BACKGROUND - Kaposi sarcoma-associated human herpesvirus (KSHV) encodes K-cyclin, a homologue of D-type cellular cyclins, which binds cyclin-dependent kinases to phosphorylate various substrates. K-cyclin/cdk phosphorylates a subset of substrates normally targeted by cyclins D, E, and A. We used cells naturally infected with KSHV to further characterize the biochemical features of K-cyclin.
METHODS - We used immunoprecipitation with K-cyclin antibodies to examine the association of K-cyclin with cdk2, cdk6, p21Cip1, and p27Kip1 proteins in BC3 cells. We separated populations of BC3 cells enriched in cells in G1, S, or G2/M phases by elutriation and measured K-cyclin protein and the kinase activity of K-cyclin/cdk6 complexes. The half-life of K-cyclin and cyclin D2 proteins was determined by blocking protein synthesis with cycloheximide and measuring proteins in cell lysates by western blot analysis. We fused the entire K-cyclin sequence to the carboxyl-terminal sequence of cellular cyclin D that contains the PEST degradation sequence to produce K-cyclin/D2 and transfected K-cyclin/D2 into K-cyclin-negative cells to investigate the effect of the PEST sequence on K-cyclin's stability.
RESULTS - Viral K-cyclin interacted with cyclin-dependent kinases cdk2, cdk4, and cdk6 and with the cyclin/cdk inhibitory proteins p21Cip1 and p27Kip1 in BC3 cell lysates. Unlike D-type cyclins, whose expression is cell cycle dependent, the level of K-cyclin was stable throughout the cell cycle, and the kinase associated with the K-cyclin/cdk6 complex was constitutively active. The half-life of K-cyclin (6.9 hours) was much longer than that of cellular cyclin D2 (0.6 hour) and that of K-cyclin/D2 (0.5 hour), probably because K-cyclin lacks the PEST degradation sequence present in D-type cyclins.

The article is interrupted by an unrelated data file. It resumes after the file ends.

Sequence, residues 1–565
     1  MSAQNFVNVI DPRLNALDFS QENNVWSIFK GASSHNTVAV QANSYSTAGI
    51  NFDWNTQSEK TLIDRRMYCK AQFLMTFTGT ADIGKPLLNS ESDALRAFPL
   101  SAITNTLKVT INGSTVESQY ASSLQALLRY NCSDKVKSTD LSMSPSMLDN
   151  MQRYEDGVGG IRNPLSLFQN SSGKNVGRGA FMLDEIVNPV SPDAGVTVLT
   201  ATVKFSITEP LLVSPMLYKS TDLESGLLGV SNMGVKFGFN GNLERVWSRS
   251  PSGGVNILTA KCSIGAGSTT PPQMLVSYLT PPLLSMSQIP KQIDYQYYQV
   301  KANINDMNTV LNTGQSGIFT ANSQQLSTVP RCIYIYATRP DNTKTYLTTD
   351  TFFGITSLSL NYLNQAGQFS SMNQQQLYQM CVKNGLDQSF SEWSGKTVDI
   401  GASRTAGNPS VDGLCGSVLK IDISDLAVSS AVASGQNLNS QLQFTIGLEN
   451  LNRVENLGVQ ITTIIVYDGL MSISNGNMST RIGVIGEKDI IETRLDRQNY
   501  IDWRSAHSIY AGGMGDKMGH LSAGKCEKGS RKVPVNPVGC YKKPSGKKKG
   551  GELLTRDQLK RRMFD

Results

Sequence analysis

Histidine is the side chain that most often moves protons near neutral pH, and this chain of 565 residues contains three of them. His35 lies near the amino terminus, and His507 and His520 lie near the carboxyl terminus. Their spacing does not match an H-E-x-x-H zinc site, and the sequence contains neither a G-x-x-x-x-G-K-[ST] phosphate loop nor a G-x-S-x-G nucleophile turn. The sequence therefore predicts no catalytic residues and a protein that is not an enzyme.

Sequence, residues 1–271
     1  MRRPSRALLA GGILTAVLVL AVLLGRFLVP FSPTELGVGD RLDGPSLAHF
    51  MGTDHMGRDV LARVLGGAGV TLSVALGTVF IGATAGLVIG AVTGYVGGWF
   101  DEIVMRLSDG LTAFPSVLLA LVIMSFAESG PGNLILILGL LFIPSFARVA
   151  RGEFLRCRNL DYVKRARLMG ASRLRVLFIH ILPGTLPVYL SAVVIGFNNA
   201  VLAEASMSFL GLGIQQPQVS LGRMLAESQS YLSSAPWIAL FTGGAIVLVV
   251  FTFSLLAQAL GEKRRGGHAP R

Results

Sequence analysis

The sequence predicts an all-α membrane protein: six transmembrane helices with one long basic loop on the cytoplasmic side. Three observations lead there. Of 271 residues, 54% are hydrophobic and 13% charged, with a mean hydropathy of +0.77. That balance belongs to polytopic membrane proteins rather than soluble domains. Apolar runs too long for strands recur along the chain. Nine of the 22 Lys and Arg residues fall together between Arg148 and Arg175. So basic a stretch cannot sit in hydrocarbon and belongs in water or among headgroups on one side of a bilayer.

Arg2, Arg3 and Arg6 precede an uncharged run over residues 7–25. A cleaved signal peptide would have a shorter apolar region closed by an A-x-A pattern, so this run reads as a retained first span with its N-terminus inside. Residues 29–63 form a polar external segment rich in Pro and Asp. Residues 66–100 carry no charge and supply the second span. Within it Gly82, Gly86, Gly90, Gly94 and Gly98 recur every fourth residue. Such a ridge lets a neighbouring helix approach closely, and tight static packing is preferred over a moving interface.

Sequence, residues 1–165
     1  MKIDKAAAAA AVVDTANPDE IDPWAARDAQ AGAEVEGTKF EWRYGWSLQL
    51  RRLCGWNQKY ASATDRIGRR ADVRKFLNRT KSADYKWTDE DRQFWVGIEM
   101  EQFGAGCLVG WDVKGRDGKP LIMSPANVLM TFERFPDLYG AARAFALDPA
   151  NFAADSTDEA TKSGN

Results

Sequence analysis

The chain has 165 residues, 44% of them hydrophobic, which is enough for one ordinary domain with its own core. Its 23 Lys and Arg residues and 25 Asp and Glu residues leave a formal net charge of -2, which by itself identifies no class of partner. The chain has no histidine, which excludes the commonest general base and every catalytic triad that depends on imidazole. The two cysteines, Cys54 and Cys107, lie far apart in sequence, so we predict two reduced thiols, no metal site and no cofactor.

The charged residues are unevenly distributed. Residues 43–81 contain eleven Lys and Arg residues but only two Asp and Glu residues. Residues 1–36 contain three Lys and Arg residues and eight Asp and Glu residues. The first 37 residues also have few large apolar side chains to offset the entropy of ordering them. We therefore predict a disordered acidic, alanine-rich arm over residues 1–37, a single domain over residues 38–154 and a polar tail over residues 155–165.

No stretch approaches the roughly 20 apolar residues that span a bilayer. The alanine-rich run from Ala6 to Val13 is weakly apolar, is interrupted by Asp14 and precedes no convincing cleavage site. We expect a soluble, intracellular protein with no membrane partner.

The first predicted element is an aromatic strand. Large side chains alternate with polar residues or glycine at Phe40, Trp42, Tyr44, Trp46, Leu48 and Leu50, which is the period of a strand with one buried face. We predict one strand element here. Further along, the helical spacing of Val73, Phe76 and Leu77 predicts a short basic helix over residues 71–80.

CONCLUSION - The constitutive activation of K-cyclin/cdk complexes in KSHV-infected cells appears to result from the extended half-life of K-cyclin and may explain its role in Kaposi sarcoma.
G1-specific transcriptional activation by Cln3/CDK initiates the budding yeast cell cycle. To identify targets of Cln3/CDK, we analyzed the SBF and MBF transcription factor complexes by multidimensional protein interaction technology (MudPIT). Whi5 was identified as a stably bound component of SBF but not MBF. Inactivation of Whi5 leads to premature expression of G1-specific genes and budding, whereas overexpression retards those processes. Whi5 inactivation bypasses the requirement for Cln3 both for transcriptional activation and cell cycle initiation. Whi5 associates with G1-specific promoters via SBF during early G1 phase, then dissociates coincident with transcriptional activation. Dissociation of Whi5 is promoted by Cln3 in vivo. Cln/CDK phosphorylation of Whi5 in vitro promotes its dissociation from SBF complexes. Mutation of putative CDK phosphorylation sites, at least five of which are phosphorylated in vivo, strongly reduces SBF-dependent transcription and delays cell cycle initiation. Like mammalian Rb, Whi5 is a G1-specific transcriptional repressor antagonized by CDK.